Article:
This page applies to WPF projects only

The scroll bar is a simple control that displays a marker on a bar in a position that depends on the Value property. You can set the orientation of the scroll bar in Microsoft Expression Blend by using the Orientation property under Layout in the Properties panel. You can set the Minimum, Maximum, and current Value of the scroll bar under Common Properties in the Properties panel. The current value must be between the minimum and maximum values.

The Artboard view of a SimpleScrollBar control


The SimpleScrollBar control template consists of the following items:

  • A Grid panel named GridRoot, which is used to hold the multiple child elements within the scroll bar. The Grid is also used because it makes it easier for you to add more elements to the template. The Grid is split into three rows where the top and bottom rows have maximum sizes set so that they will not expand beyond 18 pixels (or, device-independent units which are approximately 1/96 inch), and the middle row is set to star (*) size which means that it will expand when the window expands.

  • Two RepeatButton elements named DecreaseRepeat and IncreaseRepeat, which are used to move the position marker on the bar. The RepeatButton elements contain content that displays arrows. Again, a Grid is used as a root for each of these so that the user can easily edit the Path elements (named DecreaseArrow and IncreaseArrow) and add other content.

  • A Track element named PART_Track, which is used to display a Thumb element along a bar. The exposed parts of the bar double as RepeatButtons named PageDown and PageUp. Both of these use the SimpleScrollRepeatButtonStyle template, which can be edited separately. The IncreaseRepeatButton and DecreaseRepeatButton sections of the track use Command bindings so that they can call commands on the scroll bar class. The Thumb element uses the SimpleThumbStyle template, which can be edited separately.

  • A layout transform, which is used to display the slider bar in a horizontal orientation. This design makes it easier to edit than having to remember to edit two different templates. However, there are cases when the two orientations need to be sufficiently different that they require separate templates. In this case, you could use a Setter in the <Style> element in XAML view of Expression Blend to switch the templates based on orientation. You can find an example of this in the default template for the system ScrollBar control.


    Do not rename any element whose name begins with "PART_" because these elements are referred to from the code that implements the control.

    Objects view: The basic parts (template) of a SimpleScrollBar control


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Property triggers in the control template are used to make the control react to property changes. You can click the item under Triggers in the Interaction panel to view the properties that are changed when a trigger is active. For example, in the SimpleScrollBar template, when the Orientation property is Horizontal, multiple properties are changed to reflect the new orientation of the progress bar.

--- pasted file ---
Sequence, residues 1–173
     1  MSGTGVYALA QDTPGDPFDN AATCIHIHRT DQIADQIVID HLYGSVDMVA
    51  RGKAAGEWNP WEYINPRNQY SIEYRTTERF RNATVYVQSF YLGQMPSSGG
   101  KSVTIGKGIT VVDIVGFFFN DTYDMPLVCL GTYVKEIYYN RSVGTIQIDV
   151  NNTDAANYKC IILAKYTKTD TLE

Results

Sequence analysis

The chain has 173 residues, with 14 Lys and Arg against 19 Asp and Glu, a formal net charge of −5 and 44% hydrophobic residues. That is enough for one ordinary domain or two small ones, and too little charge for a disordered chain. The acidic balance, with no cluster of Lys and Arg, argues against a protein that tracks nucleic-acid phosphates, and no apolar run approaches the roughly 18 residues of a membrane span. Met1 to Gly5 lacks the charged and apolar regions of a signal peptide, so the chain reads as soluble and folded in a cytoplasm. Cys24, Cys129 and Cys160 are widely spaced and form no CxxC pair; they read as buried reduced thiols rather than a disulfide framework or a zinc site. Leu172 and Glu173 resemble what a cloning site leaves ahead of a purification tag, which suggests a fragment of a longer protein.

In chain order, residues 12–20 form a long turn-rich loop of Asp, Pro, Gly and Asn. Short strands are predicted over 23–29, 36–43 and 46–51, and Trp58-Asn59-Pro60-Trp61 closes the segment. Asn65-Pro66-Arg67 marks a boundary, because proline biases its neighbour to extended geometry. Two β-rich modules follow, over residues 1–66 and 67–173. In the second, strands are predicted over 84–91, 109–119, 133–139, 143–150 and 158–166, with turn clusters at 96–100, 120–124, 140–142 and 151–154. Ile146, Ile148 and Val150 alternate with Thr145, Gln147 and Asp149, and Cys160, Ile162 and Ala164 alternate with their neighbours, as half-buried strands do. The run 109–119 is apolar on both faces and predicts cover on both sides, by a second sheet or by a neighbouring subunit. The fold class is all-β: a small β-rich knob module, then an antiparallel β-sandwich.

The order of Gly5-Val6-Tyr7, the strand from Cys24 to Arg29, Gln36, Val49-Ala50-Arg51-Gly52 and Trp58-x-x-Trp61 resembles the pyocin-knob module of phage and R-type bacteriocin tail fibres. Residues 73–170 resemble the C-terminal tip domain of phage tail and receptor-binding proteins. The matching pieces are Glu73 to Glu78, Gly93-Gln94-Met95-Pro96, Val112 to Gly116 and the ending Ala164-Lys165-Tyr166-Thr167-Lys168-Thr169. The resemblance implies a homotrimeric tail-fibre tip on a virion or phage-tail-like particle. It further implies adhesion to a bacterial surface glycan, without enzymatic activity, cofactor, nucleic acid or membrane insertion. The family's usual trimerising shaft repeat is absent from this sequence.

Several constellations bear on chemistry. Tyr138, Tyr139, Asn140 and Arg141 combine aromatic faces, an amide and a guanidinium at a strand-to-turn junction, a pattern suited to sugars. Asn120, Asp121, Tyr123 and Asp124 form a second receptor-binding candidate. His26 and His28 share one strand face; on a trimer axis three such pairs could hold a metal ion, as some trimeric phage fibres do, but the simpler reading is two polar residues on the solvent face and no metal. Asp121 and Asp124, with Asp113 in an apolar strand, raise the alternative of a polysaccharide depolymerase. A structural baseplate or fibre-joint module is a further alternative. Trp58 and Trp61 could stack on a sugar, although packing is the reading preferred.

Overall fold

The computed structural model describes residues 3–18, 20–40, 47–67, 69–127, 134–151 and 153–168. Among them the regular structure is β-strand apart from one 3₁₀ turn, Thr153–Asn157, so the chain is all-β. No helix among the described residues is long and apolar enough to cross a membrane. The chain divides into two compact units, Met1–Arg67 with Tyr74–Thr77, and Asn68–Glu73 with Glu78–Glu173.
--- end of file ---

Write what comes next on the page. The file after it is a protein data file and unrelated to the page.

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The SimpleScrollBar template only uses one system brush resource for the Foreground property. Other brush resources are referenced in the templates that the SimpleScrollBar uses, such as the SimpleRepeatButton, SimpleThumbStyle, and SimpleScrollRepeatButtonStyle templates. You can modify the brushes that these templates use, to change the look of the SimpleScrollBar, or you can create new templates.

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  • In general, use a Grid control as the root of your template if you expect a designer to add further visual elements to your control. Expression Blend looks for a layout panel like the Grid control and makes it active by default so that new elements that are added to the artboard end up as child elements of the layout panel.

  • You can apply the SimpleScrollBar template to the scroll bar that is used in the template for a ScrollViewer.

  • Because the SimpleScrollBar template uses other templates, it can be tedious to walk through various levels of templates to get to the one that you want to change. To edit templates directly, you can click the Edit resource button next to the template name in the Resources panel. Then, in the editing mode of the style, right-click Style under Objects and Timeline, point to Edit Control Parts (Template), and then click Edit Template or Edit Copy. Alternatively, it can be simpler to just delete the references to the subtemplates (reset the Style property under Miscellaneous in the Properties panel), and design your template at the first level.

  • In order for your control to work, you need to keep the command bindings that fire commands on the control’s class and provide another way to make a contract between the control and the class that represents it. These bindings are present in the Command properties of the IncreaseRepeat, DecreaseRepeat, PageUp, and PageDown elements, and in the Orientation=Horizontal trigger.

  • If you want, you can add triggers to the SimpleScrollBar template, or modify the elements in the PART_Track element to make the bar look more interesting, but do not rename the PART_Track element or any of its child elements because these elements are referred to from the code that implements the control. The PART_Track element knows how to find its parts because they are placed under specific control headers: Track.IncreaseRepeatButton, Track.DecreaseRepeatButton, and Track.Thumb. The Thumb is also a specific Windows Presentation Foundation (WPF) control that knows how to be dragged.

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